UCL logo

UCL Discovery

UCL home » Library Services » Electronic resources » UCL Discovery

The adjusted global antiphospholipid syndrome score (aGAPSS) and the risk of recurrent thrombosis: Results from the APS ACTION cohort

Radin, M; Sciascia, S; Erkan, D; Pengo, V; Tektonidou, MG; Ugarte, A; Meroni, P; ... APS ACTION, ; + view all (2019) The adjusted global antiphospholipid syndrome score (aGAPSS) and the risk of recurrent thrombosis: Results from the APS ACTION cohort. Seminars in Arthritis and Rheumatism 10.1016/j.semarthrit.2019.04.009. (In press).

[img] Text
Efthymiou Manuscript_Marked_V4.pdf - ["content_typename_Accepted version" not defined]
Access restricted to UCL open access staff until 3 May 2020.

Download (782kB)

Abstract

OBJECTIVES: To assess whether patients with antiphospholipid syndrome (APS) and history of recurrent thrombosis have higher levels of adjusted Global AntiphosPholipid Syndrome Score (aGAPSS) when compared to patients without recurrent thrombosis. METHODS: In this cross-sectional study of antiphospholipid antibody (aPL)-positive patients, we identified APS patients with a history of documented thrombosis from the AntiPhospholipid Syndrome Alliance For Clinical Trials and InternatiOnal Networking (APS ACTION) Clinical Database and Repository ("Registry"). Data on aPL-related medical history and cardiovascular risk factors were retrospectively collected. The aGAPSS was calculated at Registry entry by adding the points corresponding to the risk factors: three for hyperlipidemia, one for arterial hypertension, five for positive anticardiolipin antibodies, four for positive anti-β2 glycoprotein-I antibodies and four for positive lupus anticoagulant test. RESULTS: The analysis included 379 APS patients who presented with arterial and/or venous thrombosis. Overall, significantly higher aGAPSS were seen in patients with recurrent thrombosis (arterial or venous) compared to those without recurrence (7.8 ± 3.3 vs. 6 ± 3.9, p<0.05). When analyzed based on the site of the recurrence, patients with recurrent arterial, but not venous, thrombosis had higher aGAPSS (8.1 ± SD 2.9 vs. 6 ± 3.9; p<0.05). CONCLUSIONS: Based on analysis of our international large-scale Registry of aPL-positive patients, the aGAPSS might help risk stratifying patients based on the likelihood of developing recurrent thrombosis in APS.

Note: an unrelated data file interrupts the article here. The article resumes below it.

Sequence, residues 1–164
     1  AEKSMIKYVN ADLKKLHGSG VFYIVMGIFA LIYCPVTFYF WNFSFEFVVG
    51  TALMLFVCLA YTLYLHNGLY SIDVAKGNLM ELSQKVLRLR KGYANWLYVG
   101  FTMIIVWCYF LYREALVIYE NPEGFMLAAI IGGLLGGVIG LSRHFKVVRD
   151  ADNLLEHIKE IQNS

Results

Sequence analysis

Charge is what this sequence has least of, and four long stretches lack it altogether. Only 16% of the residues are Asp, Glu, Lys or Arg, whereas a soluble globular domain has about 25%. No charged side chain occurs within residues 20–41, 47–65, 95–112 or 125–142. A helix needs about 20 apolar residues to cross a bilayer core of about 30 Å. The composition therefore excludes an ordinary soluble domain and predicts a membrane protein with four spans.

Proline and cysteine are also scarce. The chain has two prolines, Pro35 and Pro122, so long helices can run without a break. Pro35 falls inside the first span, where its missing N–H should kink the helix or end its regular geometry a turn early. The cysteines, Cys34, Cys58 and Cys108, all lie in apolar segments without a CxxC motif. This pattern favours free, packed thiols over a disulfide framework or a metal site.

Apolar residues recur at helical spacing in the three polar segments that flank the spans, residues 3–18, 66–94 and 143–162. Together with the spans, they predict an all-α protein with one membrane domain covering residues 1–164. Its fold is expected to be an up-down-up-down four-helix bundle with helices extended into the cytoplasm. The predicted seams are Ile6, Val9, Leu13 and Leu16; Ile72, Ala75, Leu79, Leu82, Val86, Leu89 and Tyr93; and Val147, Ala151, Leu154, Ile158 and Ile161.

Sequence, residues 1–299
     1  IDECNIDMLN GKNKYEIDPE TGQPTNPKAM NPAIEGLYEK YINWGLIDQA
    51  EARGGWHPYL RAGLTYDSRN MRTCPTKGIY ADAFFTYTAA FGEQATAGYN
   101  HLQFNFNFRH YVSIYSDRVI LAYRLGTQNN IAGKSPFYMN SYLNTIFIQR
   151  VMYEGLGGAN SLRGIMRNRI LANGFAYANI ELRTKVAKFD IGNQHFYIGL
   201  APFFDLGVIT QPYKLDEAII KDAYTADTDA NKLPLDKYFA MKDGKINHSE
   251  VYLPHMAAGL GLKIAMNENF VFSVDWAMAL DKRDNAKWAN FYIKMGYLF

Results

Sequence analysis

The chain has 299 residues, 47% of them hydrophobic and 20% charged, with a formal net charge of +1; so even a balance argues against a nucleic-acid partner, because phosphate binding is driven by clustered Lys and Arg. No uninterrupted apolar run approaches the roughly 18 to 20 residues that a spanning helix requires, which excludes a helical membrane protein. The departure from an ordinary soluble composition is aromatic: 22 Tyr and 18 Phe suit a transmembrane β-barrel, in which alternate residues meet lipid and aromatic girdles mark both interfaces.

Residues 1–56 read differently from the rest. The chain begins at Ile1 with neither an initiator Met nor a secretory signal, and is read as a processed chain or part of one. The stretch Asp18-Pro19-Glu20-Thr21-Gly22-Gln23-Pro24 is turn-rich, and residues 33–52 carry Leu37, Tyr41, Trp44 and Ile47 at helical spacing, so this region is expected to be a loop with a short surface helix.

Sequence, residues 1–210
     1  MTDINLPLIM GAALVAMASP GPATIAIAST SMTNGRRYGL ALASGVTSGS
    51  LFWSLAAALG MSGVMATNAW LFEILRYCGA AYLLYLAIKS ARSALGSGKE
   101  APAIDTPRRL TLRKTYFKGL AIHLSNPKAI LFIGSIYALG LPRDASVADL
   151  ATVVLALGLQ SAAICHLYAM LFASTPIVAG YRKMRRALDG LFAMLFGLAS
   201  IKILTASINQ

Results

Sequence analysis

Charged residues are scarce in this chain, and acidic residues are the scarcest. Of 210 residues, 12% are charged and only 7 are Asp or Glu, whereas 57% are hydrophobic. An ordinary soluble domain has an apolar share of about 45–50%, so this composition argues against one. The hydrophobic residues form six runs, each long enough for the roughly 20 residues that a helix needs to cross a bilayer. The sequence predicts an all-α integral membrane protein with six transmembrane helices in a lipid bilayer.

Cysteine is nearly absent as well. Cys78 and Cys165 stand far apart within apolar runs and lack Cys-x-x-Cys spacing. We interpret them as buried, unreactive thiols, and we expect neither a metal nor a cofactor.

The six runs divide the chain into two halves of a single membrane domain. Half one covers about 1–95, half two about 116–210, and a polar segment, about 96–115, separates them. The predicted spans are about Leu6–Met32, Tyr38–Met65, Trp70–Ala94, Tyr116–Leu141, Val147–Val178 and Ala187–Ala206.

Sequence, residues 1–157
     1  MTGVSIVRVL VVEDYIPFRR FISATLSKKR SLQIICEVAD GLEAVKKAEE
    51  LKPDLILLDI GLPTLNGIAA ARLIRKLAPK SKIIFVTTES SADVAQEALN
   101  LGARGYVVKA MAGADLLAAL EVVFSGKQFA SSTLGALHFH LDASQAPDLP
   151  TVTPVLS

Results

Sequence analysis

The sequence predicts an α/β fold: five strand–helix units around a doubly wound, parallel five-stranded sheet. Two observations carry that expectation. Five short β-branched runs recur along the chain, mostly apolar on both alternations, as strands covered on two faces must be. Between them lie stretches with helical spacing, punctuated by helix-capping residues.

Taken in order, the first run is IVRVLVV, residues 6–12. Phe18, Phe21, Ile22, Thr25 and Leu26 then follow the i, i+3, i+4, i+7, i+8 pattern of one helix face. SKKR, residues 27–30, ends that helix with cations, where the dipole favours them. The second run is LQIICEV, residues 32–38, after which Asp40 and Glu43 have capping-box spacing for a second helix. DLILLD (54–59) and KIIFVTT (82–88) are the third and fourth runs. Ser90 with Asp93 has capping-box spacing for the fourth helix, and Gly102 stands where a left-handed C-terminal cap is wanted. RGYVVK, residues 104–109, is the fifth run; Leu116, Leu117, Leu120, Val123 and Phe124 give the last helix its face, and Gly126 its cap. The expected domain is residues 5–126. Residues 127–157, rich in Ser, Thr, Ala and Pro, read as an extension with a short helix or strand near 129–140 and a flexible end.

Type: Article
Title: The adjusted global antiphospholipid syndrome score (aGAPSS) and the risk of recurrent thrombosis: Results from the APS ACTION cohort
Location: United States
DOI: 10.1016/j.semarthrit.2019.04.009
Publisher version: https://doi.org/10.1016/j.semarthrit.2019.04.009
Language: English
Additional information: This version is the author accepted manuscript. For information on re-use, please refer to the publisher’s terms and conditions.
Keywords: Antiphospholipid antibodies, Antiphospholipid syndrome, Cardiovascular, GAPSS, Risk stratification, Thrombosis
UCL classification: UCL > Provost and Vice Provost Offices
UCL > Provost and Vice Provost Offices > School of Life and Medical Sciences
UCL > Provost and Vice Provost Offices > School of Life and Medical Sciences > Faculty of Medical Sciences
UCL > Provost and Vice Provost Offices > School of Life and Medical Sciences > Faculty of Medical Sciences > Cancer Institute
UCL > Provost and Vice Provost Offices > School of Life and Medical Sciences > Faculty of Medical Sciences > Cancer Institute > Research Department of Haematology
URI: http://discovery.ucl.ac.uk/id/eprint/10078245
Downloads since deposit
1Download
Download activity - last month
Download activity - last 12 months
Downloads by country - last 12 months

Archive Staff Only

View Item View Item